How to support dissidents

Organisations and initiatives like Reporters Without Borders and Global Voices Advocacy are doing excellent work promoting freedom of expression and helping the cause of journalists and citizens who are persecuted (as are the bigger and more well-known Amnesty, Human Rights Watch etc).

Supporting dissidents may be more important than ever – because it is more dangerous than ever to speak out against repressive regimes. German editor Joachim Widmann makes this point in an essay published this week (in Norwegian), one year after Russian journalist Anna Politkovskaya was murdered in Moscow (disclosure: I commissioned the article as editor of the Norwegian magazine Vox Publica. Die Zeit Online has published the original German text.) Widmann compares the situation for dissidents during the Cold War and today. People like Vaclav Havel, Andrei Sakharov and Robert Havemann could count on the media and citizens in the West for support and continous attention. The media knew how to portray the dissidents as brave heroes for freedom. The public supported them by buying their books. The news from the West crept back behind the iron curtain and made it difficult for the Communist authorities to silence the critics.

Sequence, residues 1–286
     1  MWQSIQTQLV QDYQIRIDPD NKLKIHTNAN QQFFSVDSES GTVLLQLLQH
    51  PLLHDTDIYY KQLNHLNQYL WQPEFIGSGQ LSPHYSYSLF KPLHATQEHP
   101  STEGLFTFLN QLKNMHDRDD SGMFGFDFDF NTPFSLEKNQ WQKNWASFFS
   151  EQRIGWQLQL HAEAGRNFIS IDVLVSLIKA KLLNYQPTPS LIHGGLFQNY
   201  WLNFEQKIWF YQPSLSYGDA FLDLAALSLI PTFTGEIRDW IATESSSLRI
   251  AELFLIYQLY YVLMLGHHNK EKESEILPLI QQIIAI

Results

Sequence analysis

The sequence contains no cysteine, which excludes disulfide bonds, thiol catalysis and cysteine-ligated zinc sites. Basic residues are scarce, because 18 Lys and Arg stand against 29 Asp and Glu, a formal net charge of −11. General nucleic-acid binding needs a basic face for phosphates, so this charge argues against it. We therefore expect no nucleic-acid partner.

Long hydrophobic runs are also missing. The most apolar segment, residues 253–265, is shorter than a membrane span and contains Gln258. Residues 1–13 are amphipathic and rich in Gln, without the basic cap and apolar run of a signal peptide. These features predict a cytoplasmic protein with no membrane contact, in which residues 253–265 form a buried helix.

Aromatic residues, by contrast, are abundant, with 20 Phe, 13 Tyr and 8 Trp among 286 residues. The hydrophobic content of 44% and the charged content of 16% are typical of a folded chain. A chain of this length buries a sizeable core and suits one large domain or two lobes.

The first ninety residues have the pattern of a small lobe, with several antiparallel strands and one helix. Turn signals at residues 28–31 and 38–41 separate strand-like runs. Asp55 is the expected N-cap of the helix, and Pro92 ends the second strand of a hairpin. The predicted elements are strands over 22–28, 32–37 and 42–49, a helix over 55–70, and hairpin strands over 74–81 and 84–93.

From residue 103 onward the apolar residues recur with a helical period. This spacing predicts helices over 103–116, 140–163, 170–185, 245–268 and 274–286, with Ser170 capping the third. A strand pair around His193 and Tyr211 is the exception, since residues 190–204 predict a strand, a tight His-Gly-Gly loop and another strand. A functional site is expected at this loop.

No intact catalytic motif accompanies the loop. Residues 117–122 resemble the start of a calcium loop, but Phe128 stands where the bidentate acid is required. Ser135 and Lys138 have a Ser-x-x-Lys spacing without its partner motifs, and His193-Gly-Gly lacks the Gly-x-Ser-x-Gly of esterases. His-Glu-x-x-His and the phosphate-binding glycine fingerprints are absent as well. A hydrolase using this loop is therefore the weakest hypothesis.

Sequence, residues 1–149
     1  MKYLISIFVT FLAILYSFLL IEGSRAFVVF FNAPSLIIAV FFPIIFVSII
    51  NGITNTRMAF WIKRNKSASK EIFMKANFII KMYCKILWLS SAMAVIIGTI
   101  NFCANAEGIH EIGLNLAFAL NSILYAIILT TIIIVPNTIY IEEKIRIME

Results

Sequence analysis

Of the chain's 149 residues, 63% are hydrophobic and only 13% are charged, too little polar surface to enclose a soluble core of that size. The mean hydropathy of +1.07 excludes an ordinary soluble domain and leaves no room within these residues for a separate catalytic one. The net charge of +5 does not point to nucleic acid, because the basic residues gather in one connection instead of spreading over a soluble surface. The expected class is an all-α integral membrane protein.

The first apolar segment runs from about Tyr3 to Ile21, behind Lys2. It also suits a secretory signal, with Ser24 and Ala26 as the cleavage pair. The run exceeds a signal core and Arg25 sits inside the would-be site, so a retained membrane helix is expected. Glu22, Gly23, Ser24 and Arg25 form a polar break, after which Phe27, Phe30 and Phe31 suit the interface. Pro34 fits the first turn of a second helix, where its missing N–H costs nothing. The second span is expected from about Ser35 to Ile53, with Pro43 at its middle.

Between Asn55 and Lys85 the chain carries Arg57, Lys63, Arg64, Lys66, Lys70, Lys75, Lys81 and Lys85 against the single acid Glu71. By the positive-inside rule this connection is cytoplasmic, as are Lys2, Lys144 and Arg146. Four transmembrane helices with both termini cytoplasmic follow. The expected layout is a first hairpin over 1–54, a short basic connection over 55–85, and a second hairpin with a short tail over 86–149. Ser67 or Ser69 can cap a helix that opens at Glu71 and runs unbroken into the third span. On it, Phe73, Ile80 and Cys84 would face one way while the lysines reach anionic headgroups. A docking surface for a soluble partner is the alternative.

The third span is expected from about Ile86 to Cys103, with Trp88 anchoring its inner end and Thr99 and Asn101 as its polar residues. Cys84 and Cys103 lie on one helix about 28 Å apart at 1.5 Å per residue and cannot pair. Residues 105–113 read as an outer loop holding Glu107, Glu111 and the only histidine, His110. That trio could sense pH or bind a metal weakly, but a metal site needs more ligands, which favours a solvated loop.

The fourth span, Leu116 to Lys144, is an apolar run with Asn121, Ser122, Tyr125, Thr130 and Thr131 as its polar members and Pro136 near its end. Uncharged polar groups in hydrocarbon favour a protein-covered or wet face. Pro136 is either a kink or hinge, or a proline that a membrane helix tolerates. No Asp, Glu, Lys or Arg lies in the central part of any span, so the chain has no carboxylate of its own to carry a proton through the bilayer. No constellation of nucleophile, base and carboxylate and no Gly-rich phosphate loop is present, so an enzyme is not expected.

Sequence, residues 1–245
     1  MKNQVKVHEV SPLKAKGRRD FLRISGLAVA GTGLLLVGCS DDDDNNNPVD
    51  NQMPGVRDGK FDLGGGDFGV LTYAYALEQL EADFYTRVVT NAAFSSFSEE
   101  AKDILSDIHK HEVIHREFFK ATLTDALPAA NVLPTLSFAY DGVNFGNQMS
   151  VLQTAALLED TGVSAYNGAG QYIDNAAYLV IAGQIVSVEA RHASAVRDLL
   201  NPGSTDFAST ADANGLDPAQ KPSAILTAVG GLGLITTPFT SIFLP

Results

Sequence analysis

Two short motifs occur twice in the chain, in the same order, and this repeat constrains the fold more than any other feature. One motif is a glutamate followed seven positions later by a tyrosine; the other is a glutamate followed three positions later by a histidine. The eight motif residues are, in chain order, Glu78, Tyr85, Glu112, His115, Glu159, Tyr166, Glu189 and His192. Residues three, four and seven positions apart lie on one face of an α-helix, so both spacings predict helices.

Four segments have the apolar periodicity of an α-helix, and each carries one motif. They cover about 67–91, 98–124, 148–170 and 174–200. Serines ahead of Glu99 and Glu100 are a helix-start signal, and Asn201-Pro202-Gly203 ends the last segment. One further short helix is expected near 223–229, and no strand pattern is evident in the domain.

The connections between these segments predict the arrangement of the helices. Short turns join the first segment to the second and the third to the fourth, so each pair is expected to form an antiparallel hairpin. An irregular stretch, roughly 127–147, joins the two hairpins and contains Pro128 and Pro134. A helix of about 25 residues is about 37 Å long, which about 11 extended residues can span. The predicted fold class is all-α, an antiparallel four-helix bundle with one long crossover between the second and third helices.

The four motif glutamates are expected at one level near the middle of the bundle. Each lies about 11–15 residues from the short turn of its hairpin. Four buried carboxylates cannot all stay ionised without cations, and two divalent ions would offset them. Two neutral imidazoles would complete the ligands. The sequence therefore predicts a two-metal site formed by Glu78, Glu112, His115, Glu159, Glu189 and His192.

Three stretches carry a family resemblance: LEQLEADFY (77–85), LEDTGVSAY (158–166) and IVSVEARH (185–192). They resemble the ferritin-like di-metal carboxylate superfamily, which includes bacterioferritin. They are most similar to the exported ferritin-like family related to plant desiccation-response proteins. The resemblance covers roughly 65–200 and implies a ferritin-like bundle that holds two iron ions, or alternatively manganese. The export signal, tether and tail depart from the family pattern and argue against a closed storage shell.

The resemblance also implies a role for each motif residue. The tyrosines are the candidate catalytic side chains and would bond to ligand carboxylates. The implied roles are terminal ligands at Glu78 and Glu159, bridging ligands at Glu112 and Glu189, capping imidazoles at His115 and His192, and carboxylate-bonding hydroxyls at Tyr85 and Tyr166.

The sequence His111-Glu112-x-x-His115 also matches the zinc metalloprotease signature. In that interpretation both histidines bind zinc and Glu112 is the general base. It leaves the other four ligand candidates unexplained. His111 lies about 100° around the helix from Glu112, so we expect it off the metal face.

But today, the fronts aren’t so well defined. There is no clash of consistent ideologies. Stories about dissidents drown in the noise of
the millions of voices on the Internet. It simply isn’t possible for the media to create the same kind of attention for and interest around the dissidents anymore, Widmann argues.

I hope he is wrong in this conclusion, but I’m not sure. It is probably too early to interpret the events in Burma over the past weeks in this context. On the one hand, there was a massive surge in interest and sympathy for the Burmese people in countries around the world. Here, the traditional media and “citizen media” seemed for a few days to cooperate perfectly in creating a heroic narrative. But can the mass public’s interest be sustained for more than a few intense days? And what about the dark side of the Internet – the possibility for authorities to track what citizens do and then hunt them down afterwards?

“We neglected to tell Politkovskaya’s story loudly and clearly and to bring it into the consciousness of the global public. In the end she was alone,” Widmann writes. We owe it to her to do more for those brave dissidents still alive. To identify methods that work in the post-Cold War, post-Old Media age is our common responsibility.

(Originally published on the Why democracy website.)

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